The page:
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Bridge to Bridge (R to Python to IDL)

Austin Coates

Within ENVI and IDL there are many different classification schemes and functions that can be used to aid in analyzing your data (ENVI classification documentation). However, on occasion you may notice that we have not had a chance to code in your favorite ones yet or perhaps the method you wish to use is so cutting edge that it is a little ahead of our development cycle. If that is the case then there is a chance that the method you desire may be found within the ever-expanding R statistical package.  As you may have read last week on the IDL Data Point blog we are now able to call R though the use of the IDL to Python Bridge! This week, I wanted to show you another example of how this can be done and some of the tricks to get you going.

If you have not followed Jim Pendleton’s steps on setting up your IDL, Python, and R environments yet it may be a good idea to do that now. Once you are all up and running we can get into the meat of this post. The purpose of this post is not to go into extensive detail on all of the nuances of these bridges but rather show a fun example of how to visualize a classification tree and point out a few pitfalls along the way.

To begin with, I simply pulled up some data, subsetted it and did a manual classification on the data.  I chose 4 different classes: NPV, VEG, Urban, and Water.

;Start ENVI

e = envi(/current)

if ~OBJ_VALID(e) then e = envi()

 

; Open the test image

file1 = FILEPATH('qb_boulder_msi', ROOT_DIR=e.ROOT_DIR, $

  SUBDIRECTORY = ['data'])

oRaster = e.OpenRaster(file1)

 

; Subset the image

oSubSet = oRaster.Subset(Sub_Rect = [207,705,420,838])

 

; Get the offset for the imagery

xo = oSubset.METADATA['X START']

yo = oSubset.METADATA['Y START']

 

; Pullout the ROI Data

Water = oSubset.GetData(Sub_Rect = [300-xo,800-yo,312-xo,808-yo], interleave='bip')

NPV = oSubset.GetData(Sub_Rect = [242-xo,758-yo,249-xo,765-yo], interleave='bip')

Urban1 = oSubset.GetData(Sub_Rect = [321-xo,736-yo,326-xo,740-yo], interleave='bip')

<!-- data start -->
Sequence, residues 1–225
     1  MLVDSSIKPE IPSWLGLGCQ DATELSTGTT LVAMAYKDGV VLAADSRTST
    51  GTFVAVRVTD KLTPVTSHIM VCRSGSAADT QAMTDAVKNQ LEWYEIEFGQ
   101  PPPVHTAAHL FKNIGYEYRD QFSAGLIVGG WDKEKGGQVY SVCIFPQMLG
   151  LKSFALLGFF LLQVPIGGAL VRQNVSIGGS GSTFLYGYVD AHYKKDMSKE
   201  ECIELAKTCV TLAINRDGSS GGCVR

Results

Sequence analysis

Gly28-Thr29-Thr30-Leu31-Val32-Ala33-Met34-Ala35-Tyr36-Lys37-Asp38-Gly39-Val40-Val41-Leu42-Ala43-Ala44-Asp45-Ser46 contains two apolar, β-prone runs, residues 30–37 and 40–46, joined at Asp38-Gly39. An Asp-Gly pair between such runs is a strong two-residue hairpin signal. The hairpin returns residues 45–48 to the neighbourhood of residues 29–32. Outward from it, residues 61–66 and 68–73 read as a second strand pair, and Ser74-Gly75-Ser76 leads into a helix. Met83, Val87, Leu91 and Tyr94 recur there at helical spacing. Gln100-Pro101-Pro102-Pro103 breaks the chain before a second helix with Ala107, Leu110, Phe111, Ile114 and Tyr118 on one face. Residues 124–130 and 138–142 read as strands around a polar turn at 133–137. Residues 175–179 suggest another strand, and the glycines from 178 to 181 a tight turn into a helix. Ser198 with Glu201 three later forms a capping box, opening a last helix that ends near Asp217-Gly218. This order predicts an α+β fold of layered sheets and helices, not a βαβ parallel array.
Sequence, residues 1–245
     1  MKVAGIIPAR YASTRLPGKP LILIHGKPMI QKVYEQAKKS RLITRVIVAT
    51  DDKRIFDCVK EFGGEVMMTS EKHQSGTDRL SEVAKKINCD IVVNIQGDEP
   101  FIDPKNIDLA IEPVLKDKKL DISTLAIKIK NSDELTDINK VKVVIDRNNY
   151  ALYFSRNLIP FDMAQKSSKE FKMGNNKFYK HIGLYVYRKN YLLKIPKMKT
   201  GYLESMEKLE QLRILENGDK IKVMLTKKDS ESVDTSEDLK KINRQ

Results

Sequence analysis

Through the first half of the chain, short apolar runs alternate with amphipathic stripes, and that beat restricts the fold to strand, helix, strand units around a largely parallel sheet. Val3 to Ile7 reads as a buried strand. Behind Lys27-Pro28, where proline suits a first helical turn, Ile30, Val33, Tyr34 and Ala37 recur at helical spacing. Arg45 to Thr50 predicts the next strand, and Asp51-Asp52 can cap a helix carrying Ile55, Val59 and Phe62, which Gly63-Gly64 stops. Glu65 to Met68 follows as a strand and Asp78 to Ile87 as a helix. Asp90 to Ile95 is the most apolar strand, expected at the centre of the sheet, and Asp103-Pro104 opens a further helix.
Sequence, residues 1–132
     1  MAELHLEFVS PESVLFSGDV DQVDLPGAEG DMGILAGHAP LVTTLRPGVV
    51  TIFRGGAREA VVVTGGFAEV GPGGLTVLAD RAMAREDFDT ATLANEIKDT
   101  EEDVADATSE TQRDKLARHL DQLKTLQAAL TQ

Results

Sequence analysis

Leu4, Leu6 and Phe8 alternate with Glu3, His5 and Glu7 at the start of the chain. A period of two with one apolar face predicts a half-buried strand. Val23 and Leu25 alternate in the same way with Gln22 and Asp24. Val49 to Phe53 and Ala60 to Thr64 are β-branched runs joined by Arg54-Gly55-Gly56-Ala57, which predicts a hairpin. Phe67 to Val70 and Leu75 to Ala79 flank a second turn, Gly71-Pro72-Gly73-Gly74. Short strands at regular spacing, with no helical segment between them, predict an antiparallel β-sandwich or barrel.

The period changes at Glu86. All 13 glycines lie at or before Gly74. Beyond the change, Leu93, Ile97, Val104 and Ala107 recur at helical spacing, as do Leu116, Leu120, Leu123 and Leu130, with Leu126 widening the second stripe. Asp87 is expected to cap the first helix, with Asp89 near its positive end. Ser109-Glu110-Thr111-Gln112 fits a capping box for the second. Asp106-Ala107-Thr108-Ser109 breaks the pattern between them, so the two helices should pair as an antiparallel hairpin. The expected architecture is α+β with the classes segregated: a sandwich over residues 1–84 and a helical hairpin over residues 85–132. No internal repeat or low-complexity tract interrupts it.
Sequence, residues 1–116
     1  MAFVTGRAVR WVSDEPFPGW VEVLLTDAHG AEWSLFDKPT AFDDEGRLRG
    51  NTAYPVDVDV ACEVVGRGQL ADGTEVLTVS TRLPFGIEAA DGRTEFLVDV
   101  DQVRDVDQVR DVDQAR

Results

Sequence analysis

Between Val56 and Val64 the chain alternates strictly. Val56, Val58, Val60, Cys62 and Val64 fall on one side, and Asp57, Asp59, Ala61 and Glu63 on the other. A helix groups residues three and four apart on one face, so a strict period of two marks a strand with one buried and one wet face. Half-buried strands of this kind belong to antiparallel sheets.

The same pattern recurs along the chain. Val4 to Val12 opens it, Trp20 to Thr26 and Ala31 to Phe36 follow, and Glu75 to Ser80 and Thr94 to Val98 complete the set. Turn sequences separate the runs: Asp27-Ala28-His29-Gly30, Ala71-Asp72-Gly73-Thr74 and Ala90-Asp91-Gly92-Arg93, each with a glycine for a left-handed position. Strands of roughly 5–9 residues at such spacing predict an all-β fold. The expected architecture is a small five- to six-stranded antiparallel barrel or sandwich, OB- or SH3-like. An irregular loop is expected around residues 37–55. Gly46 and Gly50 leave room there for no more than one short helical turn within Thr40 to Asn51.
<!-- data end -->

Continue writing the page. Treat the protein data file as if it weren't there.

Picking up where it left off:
Urban2 = oSubset.GetData(Sub_Rect = [363-xo,713-yo,366-xo,718-yo], interleave='bip')

Veg = oSubset.GetData(Sub_Rect = [369-xo,738-yo,372-xo,742-yo], interleave='bip')

roi_data = list(Water,NPV,Urban1,Urban2,Veg)

I then structured the data in a way that allows for easier ingestion into the R environment.

; Get the size of the output array

npts = 0

for i = 0 , n_elements(roi_data)-1 do npts = npts + product((size(roi_data[i], /DIMENSIONS))[1:2])

training_data = intarr(oSubSet.nb,npts)

class = strarr(npts)

classes = ['Water', 'NPV', 'Urban', 'Urban', 'Veg']

 

;build the training data

count = 0

for i = 0 , n_elements(roi_data)-1 do begin

  training_data[*, count : count + product((size(roi_data[i], /DIMENSIONS))[1:2])-1] = reform(roi_data[i], oSubSet.nb, product((size(roi_data[i], /DIMENSIONS))[1:2]))

  class[count : count + product((size(roi_data[i], /DIMENSIONS))[1:2])-1] = classes[i]

  count = count + product((size(roi_data[i], /DIMENSIONS))[1:2])

endfor

 

; Collect the input info

classes = strjoin(class,",",/SINGLE)

band1 = training_data[0,*]

band2 = training_data[1,*]

band3 = training_data[2,*]

band4 = training_data[3,*]

Next comes the tricky part.  I called the rpy2 object from inside python and returned the robject to IDL.

; Get Python ready for the new R DataFrame

!null = Python.run('import rpy2.robjects as robjects')

robjects = Python.robjects

Once I had R all ready to go within Python, I wrote some simple R code on the fly within IDL that would allow me to visualize the different band thresholds that made up my manual image classification.

; Define the R function

train_rf = "robjects.r('''" + $

  "train_rf <- function(band1, band2, band3, band4, classes) { \n" + $

  "require(rpart) \n" + $

  "classes = c(unlist(strsplit(classes,','))) \n" + $

  "train_df = data.frame(band1, band2, band3, band4, classes) \n" + $

  "fit = rpart(classes ~ band1 + band2 + band3 + band4, method='class', data=train_df) \n" + $

  "plot(fit, uniform = TRUE, main = 'Classification Tree for Training Data') \n" + $

  "text(fit, use.n=TRUE, all=TRUE, cex=.8) \n" + $

      "}" + $

       "''')"

One possible hang-up here is that R must have the rpart package installed in order for this code to run. I installed this in the main R library directory to make sure that any user on my machine could find this package (i.e. C:\Program Files\R\R-3.1.3\library). As long as this package has been installed the “require(rpart)” portion of the code should not give you any trouble. 

Finally, you will need to publish the newly defined train_rf function up to Python.

!null = Python.run(train_rf)

 

Once it has been recognized by Python, you can bring it into IDL and run it as if it were a native function.

train_rf = robjects.globalenv['train_rf']

 

; Call the r function from within IDL

result = train_rf(band1, band2,Band3, band4, classes)

When you run the code, it should generate something that looks like this!


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